KUALA LUMPUR: The Government has no plans to abolish the Real Property Gains Tax (RPGT) at the moment as it has not reached the one-year implementation period, says the Finance Ministry.
On a written reply, the Ministry said the RPGT exemption for disposal of properties and shares would only kick in from the sixth year onwards, effective Jan 1,2019.
"The tax on profits made from disposal (of properties and shares) after five years' ownership can expand the tax base and curb speculative activities that puts pressure on housing prices," said the Ministry in reply to Datuk Seri Dr Wee Ka Siong (BN-Ayer Hitam) who asked if the Government plans to abolish the RPGT.
The Ministry said that RPGT is not imposed on citizens and those with permanent resident status who have disposed their properties once in their lifetime.
The tax is also not imposed on sales made from the sale of the properties between spouses, parents, children, grandparents and grandchildren.
"The exemption will also be given to Malaysians who sell off their properties that are below RM200,000 on the sixth year of ownership onwards," it said.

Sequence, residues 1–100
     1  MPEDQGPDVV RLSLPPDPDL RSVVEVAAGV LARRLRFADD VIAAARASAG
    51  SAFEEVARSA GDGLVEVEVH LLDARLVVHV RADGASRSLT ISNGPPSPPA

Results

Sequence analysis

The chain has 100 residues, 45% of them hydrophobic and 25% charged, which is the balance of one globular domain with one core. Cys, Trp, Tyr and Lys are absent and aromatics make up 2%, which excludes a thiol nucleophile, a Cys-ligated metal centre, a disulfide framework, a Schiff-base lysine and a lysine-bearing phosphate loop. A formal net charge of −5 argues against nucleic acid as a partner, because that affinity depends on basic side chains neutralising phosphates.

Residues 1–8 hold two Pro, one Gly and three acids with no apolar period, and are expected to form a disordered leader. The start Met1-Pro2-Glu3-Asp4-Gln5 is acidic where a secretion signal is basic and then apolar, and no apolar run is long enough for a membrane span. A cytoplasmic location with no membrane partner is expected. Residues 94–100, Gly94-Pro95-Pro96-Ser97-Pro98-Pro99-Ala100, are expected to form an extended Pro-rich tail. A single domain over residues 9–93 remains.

The Ministry also explained that the RGPT is different from the Inheritance Tax as the former is not imposed on inheritance from the deceased to the administrator of the inheritance.
The Inheritance Tax is charged when the asset is transferred among the rich.
"Any transfer of assets either as gifts or due to deaths will not be charged the Inheritance Tax," said the Ministry.
On a separate issue, Finance Minister Lim Guan Eng said that the Government's direct debts stood at RM799.1bil as of June this year, which represented 52.7% of the gross domestic product.
Although this represented an increase in government debt by RM58.1bil from RM741bil in December last year to RM799.1bil in June, he said this debt amount will be lowered to RM2bil by the year's end.
Apart from direct debts, Lim said the Government had to bear the guarantees issued by government-linked companies involved in public transportation and utilities projects.
He added that the Government also had to bear debts and liabilities of the 1Malaysia Development Berhad (1MDB) such as repaying finance lease for a period between 2018 and 2047.
"On the whole, the Government's direct debts and liabilities is estimated at RM1.1 trillion," he said in a written reply to a question from Dr Wee on why nation's debts had increased from RM686bil and end of 2017 to RM810bil.
Lim present Pakatan Harapan goverment has yet to issue any samurai bonds as current situation did not allow for such.